Hindustan Socialist Republican Association
The Non-cooperation movement of 1920 led to large scale mobilization of Indian population against the British rule.
After the Chauri Chaura incident, Mohandas K. Gandhi suspended the movement to prevent the escalation of violence.
Ram Prasad Bismil and his group of youth strongly opposed Gandhi in the Gaya Congress of 1922.
When Gandhi refused to rescind his decision, the Indian National Congress was divided into two groups – one liberal and the other for rebellion.
In January 1923, the liberal group formed a new Swaraj Party under the joint leadership of Moti Lal Nehru and Chittranjan Das, and the youth group formed a revolutionary party under the leadership of Bismil.
With the consent of Lala Har Dayal, Bismil went to Allahabad where he drafted the constitution of the party in 1923 with the help of Sachindra Nath Sanyal and another revolutionary of Bengal, Dr. Jadugopal Mukherjee.
The Hindustan Republic Association established branches in Agra, Allahabad, Benares, Kanpur, Lucknow, Saharanpur and Shahjahanpur.
They also manufactured bombs in Calcutta – at Dakshineswar and Shovabazar – and at Deoghar in Bihar.
As Hindustan Republic Association was a revolutionary group, they attempted to loot a train.
On 9th August 1925, the revolutionists ransacked the train.
As a result of the Kakori train robbery case, Ashfaq Ullah Khan, Ramprasad Bismil, Roshan Singh and Rajendra Lahiri were hanged to death.
Around the time of the Kakori robbery and the subsequent trial, various revolutionary groups had emerged in places such as Bengal, Bihar, and Punjab.
These groups and the Hindustan Republic Association met at Feroz Shah Kotla, in Delhi, on 7–8 August 1928, and from this emerged the Hindustan Socialist Republican Association.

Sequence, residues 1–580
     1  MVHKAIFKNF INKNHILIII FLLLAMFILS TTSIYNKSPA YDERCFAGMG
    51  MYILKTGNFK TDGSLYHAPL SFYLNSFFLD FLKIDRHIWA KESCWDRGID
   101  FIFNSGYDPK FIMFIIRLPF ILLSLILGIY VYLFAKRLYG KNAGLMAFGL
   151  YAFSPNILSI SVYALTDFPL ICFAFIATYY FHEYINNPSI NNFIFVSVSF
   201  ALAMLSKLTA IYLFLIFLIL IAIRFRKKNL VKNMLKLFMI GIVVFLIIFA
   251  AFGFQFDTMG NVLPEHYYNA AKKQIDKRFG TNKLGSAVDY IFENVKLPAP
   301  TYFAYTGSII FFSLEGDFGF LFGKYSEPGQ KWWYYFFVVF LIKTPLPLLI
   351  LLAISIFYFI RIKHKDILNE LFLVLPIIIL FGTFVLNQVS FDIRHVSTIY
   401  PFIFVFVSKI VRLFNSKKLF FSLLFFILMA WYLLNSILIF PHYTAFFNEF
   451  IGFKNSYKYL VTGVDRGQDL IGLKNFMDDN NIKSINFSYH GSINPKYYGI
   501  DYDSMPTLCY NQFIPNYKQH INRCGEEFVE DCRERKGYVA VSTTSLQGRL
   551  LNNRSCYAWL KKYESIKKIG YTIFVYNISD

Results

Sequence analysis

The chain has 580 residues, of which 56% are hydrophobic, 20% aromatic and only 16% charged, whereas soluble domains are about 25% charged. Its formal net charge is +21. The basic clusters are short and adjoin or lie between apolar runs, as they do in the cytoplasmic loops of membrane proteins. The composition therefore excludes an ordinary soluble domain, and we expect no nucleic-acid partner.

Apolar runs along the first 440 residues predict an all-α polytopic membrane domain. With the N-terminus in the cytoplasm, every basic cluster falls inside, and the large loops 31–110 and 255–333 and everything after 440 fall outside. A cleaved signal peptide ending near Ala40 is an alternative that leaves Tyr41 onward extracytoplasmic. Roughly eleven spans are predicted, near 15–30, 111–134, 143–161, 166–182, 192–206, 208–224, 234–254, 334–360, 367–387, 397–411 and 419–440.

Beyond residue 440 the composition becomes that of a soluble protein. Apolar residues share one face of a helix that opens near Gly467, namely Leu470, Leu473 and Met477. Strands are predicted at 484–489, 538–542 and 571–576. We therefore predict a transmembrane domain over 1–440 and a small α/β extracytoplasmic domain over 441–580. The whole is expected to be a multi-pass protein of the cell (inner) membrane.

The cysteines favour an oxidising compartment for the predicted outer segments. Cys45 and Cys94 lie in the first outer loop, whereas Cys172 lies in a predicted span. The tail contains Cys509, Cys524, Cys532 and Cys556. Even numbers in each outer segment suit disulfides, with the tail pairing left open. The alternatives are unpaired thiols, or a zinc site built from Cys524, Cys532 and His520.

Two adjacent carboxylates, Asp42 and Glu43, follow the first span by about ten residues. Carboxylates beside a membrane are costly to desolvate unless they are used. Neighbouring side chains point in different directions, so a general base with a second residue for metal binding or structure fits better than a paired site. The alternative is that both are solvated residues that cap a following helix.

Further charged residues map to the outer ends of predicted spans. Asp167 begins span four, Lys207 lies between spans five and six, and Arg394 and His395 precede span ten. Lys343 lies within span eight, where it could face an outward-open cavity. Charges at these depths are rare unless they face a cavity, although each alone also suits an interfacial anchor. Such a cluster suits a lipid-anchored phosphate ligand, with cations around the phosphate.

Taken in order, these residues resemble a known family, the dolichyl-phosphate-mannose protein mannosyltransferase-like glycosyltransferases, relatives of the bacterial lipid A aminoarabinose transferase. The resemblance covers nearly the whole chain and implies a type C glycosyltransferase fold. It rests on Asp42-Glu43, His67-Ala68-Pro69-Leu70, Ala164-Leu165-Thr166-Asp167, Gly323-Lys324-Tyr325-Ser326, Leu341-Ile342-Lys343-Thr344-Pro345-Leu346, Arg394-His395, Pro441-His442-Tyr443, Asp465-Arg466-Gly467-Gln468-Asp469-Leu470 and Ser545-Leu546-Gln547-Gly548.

When the Simon Commission visited Lahore on 30 October 1928, Lala Lajpat Rai led a peaceful protest against the Commission.
The police responded with violence, with the superintendent of police, James A. Scott, ordering his men to lathi charge the protesters.
Lala Lajpat Rai was beaten but addressed a meeting later. He died on 17 November 1928.
It was decided by the Hindustan Socialist Republican Association that the attempt would be taken against J A Scott, who had ordered the unlawful lathi-charge.
Bhagat Singh, Rajguru, Chandrashekhar Azad and Jai Gopal were given the charge to execute the plan.
Jai Gopal failed to differentiate between Scott and Saunders.
Saunders was shot by Rajguru and Bhagat Singh while leaving the District Police Headquarters in Lahore on 17 December 1928.
Another significant action carried out by the Hindustan Socialist Republican Association was the Assembly Bomb Case.
This was as a protest against the introduction of the Public Safety Bill and the Trade Disputes Bill, both of which had been drafted in an attempt to counter the effects of revolutionary activities and trade unionism.
Bhagat Singh and Batukeshwar Dutt threw bombs at the empty treasury benches, being careful to ensure that there were no casualties in order to highlight the propagandist nature of their actions.
Their rationale for the bombing was explained in a leaflet titled “To Make the Deaf Hear“.
This leaflet was also thrown in the assembly and was reproduced the next day in the Hindustan Times.
On 15 April 1929 police raided the HSRA’s bomb factory in Lahore and arrested Kishori Lal, Sukhdev Thapar, and Jai Gopal.
The Assembly Bomb case trial followed and Bhagat Singh, Sukhdev, and Rajguru were hanged on 23 March 1931 for their actions.
By 1931, most of the HSRA’s main leaders were either dead or in jail.
On 27 February 1931, Chandrashekhar Azad shot himself during a gunfight with the police in a famous incident of Alfred Park.
After Azad’s death, there was no central leader to unite the revolutionaries and regional differences increased.